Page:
I am new to Homecooking for my pets but glad to ‘ be onboard this site ‘.
    I have two indoor cats that I am preparing meals for and wondering if any of you have any recommendations of a good site for ” Kitty Platters “. I would really appreciate knowing … that would be great.
    I want to share that Bonnie had an allergic reaction to food last night and was extremely itchy.
    I wet her down first and then I dissolved 1/2 cup epsom salts in 2 gallons of tepid water and poured it over her little body. She was TOTALLY relieved and slept like ‘ A little log ‘ beside me all night.
    I wish you all well with your Home Cooking for Your Furry Pals. I hope to come up with some inventions to pass along.
    I look very forward to reading your ideas and discoveries.
    Happy Trails …

  17. Conny says:

    I’ve been using this recipe for a few months now and my 1 1/2 yr Moodle loves it! I alternate the meats and veggies, sometimes add a little organ meat, broccoli, carrots or green beans or pumpkin, but stay true to the percent of protein/veggies/starches. A handful of brown rice is also nice. For extra calcium, I like to add a pinch of ground eggshell. And purely for taste I like a pinch of italian herbs.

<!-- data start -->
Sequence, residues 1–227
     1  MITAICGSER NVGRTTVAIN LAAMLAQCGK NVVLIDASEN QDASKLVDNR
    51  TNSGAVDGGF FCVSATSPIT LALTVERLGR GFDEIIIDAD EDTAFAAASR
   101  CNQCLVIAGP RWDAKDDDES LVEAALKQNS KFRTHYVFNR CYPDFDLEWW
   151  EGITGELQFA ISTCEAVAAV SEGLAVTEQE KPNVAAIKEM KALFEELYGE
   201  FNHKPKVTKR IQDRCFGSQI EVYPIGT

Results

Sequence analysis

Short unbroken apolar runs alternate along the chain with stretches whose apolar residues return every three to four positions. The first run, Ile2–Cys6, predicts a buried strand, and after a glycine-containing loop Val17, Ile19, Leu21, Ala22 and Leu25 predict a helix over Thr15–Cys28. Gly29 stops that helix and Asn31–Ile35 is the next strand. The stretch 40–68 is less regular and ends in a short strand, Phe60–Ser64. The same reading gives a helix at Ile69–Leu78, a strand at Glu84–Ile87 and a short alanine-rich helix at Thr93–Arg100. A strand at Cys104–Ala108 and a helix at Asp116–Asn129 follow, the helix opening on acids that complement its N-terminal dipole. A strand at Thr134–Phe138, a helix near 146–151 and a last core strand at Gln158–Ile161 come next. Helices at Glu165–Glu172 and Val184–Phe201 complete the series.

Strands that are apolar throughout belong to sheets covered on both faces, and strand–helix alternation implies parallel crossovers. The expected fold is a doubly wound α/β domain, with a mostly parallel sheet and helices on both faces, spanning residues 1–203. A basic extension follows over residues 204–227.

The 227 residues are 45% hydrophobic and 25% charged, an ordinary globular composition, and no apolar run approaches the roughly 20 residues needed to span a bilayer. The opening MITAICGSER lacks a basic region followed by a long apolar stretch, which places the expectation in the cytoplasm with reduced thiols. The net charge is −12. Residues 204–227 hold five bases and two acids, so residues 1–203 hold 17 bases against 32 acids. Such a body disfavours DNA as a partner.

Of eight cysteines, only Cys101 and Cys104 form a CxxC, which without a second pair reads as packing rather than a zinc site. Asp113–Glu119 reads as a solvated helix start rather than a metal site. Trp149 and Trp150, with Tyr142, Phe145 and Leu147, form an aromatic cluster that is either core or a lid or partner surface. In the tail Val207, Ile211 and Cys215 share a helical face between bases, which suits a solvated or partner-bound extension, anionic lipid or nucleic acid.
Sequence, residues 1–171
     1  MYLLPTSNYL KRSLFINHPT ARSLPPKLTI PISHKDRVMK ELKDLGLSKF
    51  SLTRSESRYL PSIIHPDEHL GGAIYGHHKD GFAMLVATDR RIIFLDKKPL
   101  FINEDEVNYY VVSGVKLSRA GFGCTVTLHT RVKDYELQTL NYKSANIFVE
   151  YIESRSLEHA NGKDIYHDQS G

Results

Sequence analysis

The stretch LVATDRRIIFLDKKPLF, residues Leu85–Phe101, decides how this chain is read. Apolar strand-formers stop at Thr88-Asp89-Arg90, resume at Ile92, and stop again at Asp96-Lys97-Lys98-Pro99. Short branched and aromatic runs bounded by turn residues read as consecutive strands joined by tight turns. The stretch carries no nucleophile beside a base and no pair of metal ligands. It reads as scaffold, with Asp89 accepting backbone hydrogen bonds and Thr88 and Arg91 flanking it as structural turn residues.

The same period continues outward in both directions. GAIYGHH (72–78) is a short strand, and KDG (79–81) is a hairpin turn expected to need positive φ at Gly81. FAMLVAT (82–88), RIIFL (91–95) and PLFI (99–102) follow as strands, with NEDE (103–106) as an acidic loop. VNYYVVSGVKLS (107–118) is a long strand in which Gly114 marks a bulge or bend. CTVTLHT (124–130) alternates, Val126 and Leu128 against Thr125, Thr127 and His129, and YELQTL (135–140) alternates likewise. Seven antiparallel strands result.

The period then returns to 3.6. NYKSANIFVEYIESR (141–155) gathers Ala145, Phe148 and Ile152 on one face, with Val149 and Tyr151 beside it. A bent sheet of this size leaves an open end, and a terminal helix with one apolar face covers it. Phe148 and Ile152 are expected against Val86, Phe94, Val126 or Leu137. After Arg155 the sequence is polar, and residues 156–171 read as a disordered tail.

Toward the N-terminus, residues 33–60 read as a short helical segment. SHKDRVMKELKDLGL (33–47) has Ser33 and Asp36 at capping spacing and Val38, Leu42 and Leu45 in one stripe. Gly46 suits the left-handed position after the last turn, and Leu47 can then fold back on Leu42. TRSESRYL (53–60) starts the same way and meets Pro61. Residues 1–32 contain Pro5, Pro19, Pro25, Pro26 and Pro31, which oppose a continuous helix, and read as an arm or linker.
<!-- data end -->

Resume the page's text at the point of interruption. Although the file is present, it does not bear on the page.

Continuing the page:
This recipe produces a lot, so after cooling entirely, I portion it off to about 1 week’s supply and freeze. Then thaw it out into a mason jar and we’re good to go :)
    He gets 1/2 of this and 1/2 orijen kibble, just because I’m new to dog nutrition and want to insure he gets all he needs. So far he’s happy and super healthy. Thanks for posting this recipe, it’s definitly his favorite food!